A study slated for release in an upcoming edition of The American Journal of Gastroenterology suggests that rising esophageal cancer (adenocarcinoma) rates in the U.S. may be due to recent dietary trends that emphasize heavy carbohydrate consumption.
Although the cause of esophageal cancer has yet to be determined, previous studies have suggested that obesity is a risk factor for several types of cancer, including those affecting the thyroid, kidney, uterus colon, gall bladder and esophagus. However, this study is one of the first to suggest that carbohydrates, besides being a “common contributor to obesity,” may themselves correlate with esophageal cancer rates.
But rather than go crazy and hole up in your house until the flu season passes, we suggest you follow these tried and true tips for avoiding – and recovering from – the flu.
It’s the height of cold and flu season. Should you add a restaurant outing to your immunity arsenal? Well, if it’s one of the new “immunity-enhancing” menus being touted at a number of new California restaurants, it might not hurt.
Now, restaurant menus here are marrying the broader commercial movement of “functional” foods – those stuffed with heavy doses of vitamins and antioxidants – and a national fixation on immunity boosting (a fizzy gulp of Airborne is as much a part of the pre-flight experience as a baggage check). In Beverly Hills, Crustacean, a modern Vietnamese restaurant, has attached an icon to the left side of several menu items letting diners know that those dishes supposedly boost immunity. At M Café de Chaya in Hollywood, a macrobiotic restaurant often dotted with celebrities, the chef, Shigefumi Tachibe, has “items that offer both immune boosting and healthful benefits for everybody,” said his spokeswoman, Cindy Choi. Down Melrose Avenue a bit from M Café is Dr. Tea’s Tea Garden and Herbal Emporium, where immunity enhancement is always part of the menu, said Dr. Tea, a k a Mark Ukra. “We work a lot with cancer patients to bring their immunity up, and lots of people come in to get our tonics to get rid of the flu,” he said.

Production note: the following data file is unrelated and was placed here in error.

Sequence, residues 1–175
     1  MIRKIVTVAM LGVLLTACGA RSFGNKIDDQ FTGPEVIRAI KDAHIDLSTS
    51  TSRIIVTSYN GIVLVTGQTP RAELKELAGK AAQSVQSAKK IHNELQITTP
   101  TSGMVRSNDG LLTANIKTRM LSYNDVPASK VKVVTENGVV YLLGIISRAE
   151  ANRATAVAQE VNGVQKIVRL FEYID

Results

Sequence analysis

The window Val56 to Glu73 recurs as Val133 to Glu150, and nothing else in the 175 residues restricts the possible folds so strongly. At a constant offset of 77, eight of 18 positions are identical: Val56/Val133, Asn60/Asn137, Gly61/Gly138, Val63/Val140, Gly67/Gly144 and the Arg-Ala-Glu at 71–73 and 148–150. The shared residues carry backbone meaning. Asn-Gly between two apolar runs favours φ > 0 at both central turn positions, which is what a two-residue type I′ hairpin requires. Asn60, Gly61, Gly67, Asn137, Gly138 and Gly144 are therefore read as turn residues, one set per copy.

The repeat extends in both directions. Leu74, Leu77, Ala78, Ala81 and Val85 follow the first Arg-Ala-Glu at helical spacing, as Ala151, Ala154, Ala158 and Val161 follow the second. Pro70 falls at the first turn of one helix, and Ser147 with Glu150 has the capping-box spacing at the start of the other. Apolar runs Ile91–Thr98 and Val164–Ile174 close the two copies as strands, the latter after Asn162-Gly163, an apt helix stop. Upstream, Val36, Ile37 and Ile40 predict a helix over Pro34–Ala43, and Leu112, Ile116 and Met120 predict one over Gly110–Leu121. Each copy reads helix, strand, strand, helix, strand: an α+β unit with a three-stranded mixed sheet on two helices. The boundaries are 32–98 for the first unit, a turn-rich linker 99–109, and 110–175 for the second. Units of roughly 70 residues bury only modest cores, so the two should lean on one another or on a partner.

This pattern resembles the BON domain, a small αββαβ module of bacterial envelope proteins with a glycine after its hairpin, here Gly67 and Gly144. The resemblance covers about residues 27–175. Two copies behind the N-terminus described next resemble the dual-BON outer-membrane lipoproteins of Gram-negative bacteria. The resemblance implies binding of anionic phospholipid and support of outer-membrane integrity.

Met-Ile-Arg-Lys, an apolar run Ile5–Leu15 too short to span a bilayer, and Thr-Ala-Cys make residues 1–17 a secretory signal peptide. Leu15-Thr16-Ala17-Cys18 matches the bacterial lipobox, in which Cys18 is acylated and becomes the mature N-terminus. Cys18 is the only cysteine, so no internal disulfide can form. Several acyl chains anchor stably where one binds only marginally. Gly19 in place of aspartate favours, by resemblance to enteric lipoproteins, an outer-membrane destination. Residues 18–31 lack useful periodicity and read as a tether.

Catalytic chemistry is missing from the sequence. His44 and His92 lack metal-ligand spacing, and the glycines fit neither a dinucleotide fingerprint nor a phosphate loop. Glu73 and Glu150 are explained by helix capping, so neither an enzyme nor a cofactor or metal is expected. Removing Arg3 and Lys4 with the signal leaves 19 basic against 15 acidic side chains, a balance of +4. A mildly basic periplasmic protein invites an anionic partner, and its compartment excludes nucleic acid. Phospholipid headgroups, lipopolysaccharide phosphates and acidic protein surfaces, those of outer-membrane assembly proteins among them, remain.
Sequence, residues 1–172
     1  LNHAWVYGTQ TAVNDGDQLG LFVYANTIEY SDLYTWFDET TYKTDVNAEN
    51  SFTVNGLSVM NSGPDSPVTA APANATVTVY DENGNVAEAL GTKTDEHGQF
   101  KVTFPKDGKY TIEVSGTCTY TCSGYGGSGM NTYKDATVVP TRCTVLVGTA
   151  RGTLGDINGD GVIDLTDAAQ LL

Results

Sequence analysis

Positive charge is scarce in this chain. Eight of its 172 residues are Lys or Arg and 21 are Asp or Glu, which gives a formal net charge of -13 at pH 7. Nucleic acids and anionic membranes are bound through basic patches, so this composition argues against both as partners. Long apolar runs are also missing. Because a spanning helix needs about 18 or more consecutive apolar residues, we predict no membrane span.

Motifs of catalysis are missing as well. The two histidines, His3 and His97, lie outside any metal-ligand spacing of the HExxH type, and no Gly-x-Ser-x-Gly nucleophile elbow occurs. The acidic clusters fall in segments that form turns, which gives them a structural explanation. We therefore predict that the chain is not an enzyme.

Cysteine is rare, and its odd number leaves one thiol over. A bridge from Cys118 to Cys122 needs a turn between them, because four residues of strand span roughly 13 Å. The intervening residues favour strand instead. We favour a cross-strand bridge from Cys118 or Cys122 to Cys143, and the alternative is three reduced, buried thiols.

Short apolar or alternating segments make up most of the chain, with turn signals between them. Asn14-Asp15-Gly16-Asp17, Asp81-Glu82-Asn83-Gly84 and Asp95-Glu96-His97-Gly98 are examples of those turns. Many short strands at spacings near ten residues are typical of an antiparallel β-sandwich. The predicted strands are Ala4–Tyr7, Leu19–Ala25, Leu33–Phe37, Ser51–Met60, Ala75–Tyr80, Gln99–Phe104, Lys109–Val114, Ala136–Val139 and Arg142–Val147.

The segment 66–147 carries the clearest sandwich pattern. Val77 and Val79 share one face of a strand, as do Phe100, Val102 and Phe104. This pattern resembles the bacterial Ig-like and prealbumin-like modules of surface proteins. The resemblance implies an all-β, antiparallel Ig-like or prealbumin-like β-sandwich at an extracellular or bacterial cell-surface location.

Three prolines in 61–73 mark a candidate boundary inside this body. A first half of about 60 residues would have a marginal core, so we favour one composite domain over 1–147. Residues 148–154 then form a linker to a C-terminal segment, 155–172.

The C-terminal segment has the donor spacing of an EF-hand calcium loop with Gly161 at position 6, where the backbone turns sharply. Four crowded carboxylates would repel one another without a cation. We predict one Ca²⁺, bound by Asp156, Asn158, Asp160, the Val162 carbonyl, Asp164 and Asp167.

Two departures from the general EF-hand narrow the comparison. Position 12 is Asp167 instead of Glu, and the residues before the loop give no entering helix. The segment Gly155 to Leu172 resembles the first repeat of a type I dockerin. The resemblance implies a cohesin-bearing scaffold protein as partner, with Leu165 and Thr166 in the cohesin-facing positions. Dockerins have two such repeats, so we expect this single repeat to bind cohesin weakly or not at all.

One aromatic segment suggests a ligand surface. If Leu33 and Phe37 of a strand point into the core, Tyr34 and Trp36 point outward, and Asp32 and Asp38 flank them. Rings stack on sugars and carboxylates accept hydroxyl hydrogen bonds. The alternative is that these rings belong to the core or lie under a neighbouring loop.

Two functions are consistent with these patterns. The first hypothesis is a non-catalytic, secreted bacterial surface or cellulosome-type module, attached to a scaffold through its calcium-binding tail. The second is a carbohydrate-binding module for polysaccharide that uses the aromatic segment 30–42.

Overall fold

via New York Times
The posts involving omega-3s have spurred a lot of discussion and a good number of excellent questions. Thanks to Ed Parsons and company I thought I’d give more time to the topic and see if I can complete the picture a little more. Thank you for your comments and questions.
Can you give us some rules of thumb for getting into the 1:1 ratio ballpark? Should I be trying to hit the ratio for every meal, for each day, or by the week, or even over a longer time period?
Just to review, the hailed 1:1 ratio of omega-6 to omega-3 fatty acids provides your body with the appropriate balance thought to keep inflammation at bay. I would advise making the ratio a priority each day. Targeting the ratio for every meal can get unnecessarily complicated, and longer spans like a week don’t take into account your body’s constant hormonal production, which is influenced by the fatty acids.
Ever heard of it?
If you are a regular to MDA and you subscribe to a Primal Health lifestyle I’m guessing it is likely. If not, now you have.
Crossfit is a type of physical training that blends power lifting, gymnastics and sprinting. Why do we like it? Because it fairly closely aligns with our Primal fitness philosophy in which variety, weight-bearing activity and anaerobic exercise is key. Here is a great description of CrossFit:
CrossFit maintains that proficiency is required in each of 10 fitness domains: cardiovascular/respiratory endurance, stamina, strength, flexibility, power, speed, agility, balance, coordination, and accuracy. CrossFit uses free weights, kettlebells, gymnastics rings, pull-up bars and many calisthenics exercises. CrossFit may call on athletes to skip, run, row, climb ropes, jump up on boxes, flip giant tires, and carry odd objects. They can also squat and explode up to bounce medicine balls against walls.
CrossFit workouts typically call for athletes to work hard and fast, often with no rest. Many CrossFit gyms use scoring and ranking systems, transforming workouts into sport. CrossFit publishes its own journal and certifies its own trainers. Many CrossFit athletes and trainers see themselves as part of a contrarian insurgent movement that questions conventional fitness wisdom.
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